Evaluation of existing seismic data with the onshore geological information reveals a variety of structural and stratigraphic trapping possibilities. There are many large structures within the basin, ranging from drape and compaction over pre-Miocene basement highs and onlap/pinchout traps around the basin margin, to large anticlinal folds of Middle Miocene age (the Kumasi and Buna Structures in PPL 560) and normal and thrust faulted anticlines of Late Miocene to Early Pliocene age. Present day geothermal gradients in the Cape Vogel Basin suggest that a substantial volume of sediment is buried deep enough for potential source rocks to be mature for hydrocarbon generation. Additionally, the Nubiam shale has shown to have relatively rich TOC content and has good to marginal hydrocarbon generating potential.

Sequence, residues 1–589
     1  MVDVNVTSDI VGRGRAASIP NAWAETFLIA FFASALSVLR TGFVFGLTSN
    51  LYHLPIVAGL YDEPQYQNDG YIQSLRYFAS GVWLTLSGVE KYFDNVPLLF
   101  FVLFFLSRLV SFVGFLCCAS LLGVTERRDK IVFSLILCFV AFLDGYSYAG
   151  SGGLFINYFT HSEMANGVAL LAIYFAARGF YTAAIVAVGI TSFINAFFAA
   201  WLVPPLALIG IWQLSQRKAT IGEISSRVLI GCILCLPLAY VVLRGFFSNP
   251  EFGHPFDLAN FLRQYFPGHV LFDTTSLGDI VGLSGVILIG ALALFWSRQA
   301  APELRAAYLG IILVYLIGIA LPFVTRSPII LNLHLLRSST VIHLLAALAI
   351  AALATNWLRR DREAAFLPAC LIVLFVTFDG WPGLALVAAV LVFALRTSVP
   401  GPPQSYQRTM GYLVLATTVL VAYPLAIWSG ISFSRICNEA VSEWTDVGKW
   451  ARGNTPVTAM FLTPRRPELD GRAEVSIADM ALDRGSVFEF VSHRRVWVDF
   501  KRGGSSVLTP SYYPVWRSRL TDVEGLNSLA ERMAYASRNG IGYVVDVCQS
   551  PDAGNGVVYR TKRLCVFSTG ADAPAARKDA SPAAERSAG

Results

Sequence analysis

The first exploration wells were drilled onshore in the Cape Vogel Basin in the late 1920's with reported oil and gas shows. Exploration continued offshore with acquisition of 2500 km of 2D seismic by Amoco between 1972 and 1973. Two wells were subsequently drilled approximately 150 km east of PPL 560 (Goodenough-1 and Nubiam-1). In 1974, Texaco acquired a further 600 km of seismic over the Buna and Tufi Depocentres. A number of significant anticline structures were identified as a result of this work in the Buna Depocentre, located within PPL 560. Aberford Resources gathered 500 km of infill seismic and recognised the presence of flat spots and seismic anomalies, interpreted as indicative of a gas cap over the Buna structure. The low oil prices of the 1980's thwarted attempts to drill the structure. In 2009 Eaglewood Energy recorded high quality 2D seismic in an attempt to confirm the previously interpreted seismic anomalies over the the Buna and Kumasi structures and to provide a seismic tie to the Goodenough-1 well to improve the stratigraphic control in the basin.